How central banks spurred a financial crisis

Inflation targeting, used widely by central banks, led to excessive credit growth, debt accumulation, financial instability and the subsequent financial crisis.

As numerous studies over the last two decades have shown, interest rate policies of a large number of central banks can be explained by the so-called Taylor Rule. According to this rule, which is consistent with inflation targeting, the policy rate is determined by a neutral real rate, the target inflation rate, the output gap, and the deviation of inflation from the target (or expected) rate. In this formula, the output gap can be interpreted as a leading indicator for inflation, as suggested by an augmented Phillips-curve inflation model, where the deviation of actual inflation from the target has the character of an error-correction term.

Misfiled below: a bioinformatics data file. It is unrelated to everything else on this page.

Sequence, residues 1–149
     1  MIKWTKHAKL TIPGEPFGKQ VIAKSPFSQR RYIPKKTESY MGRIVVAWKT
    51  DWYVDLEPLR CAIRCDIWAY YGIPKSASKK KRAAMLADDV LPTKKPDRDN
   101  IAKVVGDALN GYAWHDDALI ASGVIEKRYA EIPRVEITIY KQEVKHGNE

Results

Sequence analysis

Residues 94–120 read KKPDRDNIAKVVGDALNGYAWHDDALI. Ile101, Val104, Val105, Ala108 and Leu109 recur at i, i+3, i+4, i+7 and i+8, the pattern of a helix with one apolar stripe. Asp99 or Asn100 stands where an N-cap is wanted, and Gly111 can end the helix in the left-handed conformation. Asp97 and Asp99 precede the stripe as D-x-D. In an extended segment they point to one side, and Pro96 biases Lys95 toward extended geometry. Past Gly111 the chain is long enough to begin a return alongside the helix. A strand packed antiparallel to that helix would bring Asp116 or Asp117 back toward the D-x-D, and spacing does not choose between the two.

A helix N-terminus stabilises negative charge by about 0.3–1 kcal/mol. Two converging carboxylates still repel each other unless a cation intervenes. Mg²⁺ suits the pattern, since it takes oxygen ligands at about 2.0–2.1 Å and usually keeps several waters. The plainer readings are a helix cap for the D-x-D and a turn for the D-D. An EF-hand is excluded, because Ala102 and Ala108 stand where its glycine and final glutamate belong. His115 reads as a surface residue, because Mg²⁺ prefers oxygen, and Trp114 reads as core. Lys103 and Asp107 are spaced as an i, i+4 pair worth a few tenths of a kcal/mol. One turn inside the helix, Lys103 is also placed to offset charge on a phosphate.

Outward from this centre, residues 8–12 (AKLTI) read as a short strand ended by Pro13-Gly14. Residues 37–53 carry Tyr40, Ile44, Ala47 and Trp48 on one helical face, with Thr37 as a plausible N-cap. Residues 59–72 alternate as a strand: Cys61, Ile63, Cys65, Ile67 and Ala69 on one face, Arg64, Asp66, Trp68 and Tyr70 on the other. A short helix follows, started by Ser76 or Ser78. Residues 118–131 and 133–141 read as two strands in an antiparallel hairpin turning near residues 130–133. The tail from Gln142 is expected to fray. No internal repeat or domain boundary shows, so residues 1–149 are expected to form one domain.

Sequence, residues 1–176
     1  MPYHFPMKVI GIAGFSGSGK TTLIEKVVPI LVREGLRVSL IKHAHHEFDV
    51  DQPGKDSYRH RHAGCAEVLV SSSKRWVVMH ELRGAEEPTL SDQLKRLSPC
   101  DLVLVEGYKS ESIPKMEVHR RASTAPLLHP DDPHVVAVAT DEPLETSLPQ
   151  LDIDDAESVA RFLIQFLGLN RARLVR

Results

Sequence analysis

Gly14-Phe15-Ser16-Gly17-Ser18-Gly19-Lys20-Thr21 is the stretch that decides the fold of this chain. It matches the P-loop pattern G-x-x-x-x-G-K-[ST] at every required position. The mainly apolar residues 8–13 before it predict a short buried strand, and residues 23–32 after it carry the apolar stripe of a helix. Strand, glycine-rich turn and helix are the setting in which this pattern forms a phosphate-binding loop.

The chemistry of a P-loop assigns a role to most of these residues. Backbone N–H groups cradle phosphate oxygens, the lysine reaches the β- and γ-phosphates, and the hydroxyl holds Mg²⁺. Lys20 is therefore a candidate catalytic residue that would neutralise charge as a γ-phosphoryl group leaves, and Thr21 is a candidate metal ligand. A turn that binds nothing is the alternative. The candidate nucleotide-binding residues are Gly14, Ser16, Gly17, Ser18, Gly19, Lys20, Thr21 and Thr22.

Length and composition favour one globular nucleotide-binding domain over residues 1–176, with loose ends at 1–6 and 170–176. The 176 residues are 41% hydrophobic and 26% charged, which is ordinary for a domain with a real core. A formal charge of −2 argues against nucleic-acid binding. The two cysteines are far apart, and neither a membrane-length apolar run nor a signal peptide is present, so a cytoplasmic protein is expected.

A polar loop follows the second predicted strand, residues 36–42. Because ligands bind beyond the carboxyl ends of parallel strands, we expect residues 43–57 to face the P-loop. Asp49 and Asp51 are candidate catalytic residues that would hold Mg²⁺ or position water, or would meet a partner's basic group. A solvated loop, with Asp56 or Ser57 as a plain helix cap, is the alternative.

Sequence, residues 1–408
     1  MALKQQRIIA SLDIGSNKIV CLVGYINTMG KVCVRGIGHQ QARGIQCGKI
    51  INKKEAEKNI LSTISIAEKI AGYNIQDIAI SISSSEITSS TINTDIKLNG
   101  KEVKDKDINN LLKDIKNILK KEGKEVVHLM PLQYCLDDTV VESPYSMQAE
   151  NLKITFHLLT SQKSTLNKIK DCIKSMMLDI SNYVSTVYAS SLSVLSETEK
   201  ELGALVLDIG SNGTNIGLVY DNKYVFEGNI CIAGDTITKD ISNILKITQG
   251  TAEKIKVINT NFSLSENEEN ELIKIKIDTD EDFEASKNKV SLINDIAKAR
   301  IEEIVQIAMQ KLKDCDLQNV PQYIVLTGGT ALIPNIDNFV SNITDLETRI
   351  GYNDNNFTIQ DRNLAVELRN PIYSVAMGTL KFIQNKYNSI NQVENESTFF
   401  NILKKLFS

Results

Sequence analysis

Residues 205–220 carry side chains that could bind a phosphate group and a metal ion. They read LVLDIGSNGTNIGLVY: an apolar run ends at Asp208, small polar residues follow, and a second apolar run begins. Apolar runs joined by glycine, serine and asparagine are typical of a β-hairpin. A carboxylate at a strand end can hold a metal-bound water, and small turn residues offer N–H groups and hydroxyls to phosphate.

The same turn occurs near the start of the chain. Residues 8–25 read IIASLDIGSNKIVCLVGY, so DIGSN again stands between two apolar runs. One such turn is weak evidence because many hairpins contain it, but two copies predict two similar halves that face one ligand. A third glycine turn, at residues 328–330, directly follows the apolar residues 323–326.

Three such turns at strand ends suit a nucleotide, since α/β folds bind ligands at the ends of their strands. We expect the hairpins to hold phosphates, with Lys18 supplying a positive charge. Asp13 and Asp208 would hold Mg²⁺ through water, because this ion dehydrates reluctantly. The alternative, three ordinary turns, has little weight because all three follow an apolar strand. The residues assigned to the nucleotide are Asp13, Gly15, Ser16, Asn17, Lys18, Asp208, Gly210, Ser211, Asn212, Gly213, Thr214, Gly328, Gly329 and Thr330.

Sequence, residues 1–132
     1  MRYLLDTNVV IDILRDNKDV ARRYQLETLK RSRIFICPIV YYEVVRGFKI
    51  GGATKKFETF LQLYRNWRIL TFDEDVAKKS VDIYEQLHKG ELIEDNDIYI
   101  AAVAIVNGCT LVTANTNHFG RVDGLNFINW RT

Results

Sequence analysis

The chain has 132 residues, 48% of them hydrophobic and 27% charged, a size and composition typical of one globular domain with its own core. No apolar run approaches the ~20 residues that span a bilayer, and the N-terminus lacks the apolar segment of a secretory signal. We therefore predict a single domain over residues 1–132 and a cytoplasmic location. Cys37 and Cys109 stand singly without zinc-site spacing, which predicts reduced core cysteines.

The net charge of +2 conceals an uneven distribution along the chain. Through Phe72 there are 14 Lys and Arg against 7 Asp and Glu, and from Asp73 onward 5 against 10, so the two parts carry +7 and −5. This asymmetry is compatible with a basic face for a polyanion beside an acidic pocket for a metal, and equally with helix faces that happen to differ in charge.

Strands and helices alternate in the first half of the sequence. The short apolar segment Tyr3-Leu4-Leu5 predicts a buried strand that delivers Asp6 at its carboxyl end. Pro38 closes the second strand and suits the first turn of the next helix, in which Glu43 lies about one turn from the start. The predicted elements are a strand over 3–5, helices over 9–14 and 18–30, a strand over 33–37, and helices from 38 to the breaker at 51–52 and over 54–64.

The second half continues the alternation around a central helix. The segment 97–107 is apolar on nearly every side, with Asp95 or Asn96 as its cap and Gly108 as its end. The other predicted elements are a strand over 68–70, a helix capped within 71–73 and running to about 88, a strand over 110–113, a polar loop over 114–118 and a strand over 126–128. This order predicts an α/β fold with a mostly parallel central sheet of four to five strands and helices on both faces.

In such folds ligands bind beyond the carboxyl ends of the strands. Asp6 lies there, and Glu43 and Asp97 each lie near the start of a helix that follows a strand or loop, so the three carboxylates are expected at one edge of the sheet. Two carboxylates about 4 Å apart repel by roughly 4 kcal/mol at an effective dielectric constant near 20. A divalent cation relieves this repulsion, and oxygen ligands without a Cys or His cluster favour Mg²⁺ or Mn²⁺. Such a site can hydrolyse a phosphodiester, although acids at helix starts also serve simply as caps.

There is no room for financial variables, such as money, credit, or asset prices, in this policy rule.

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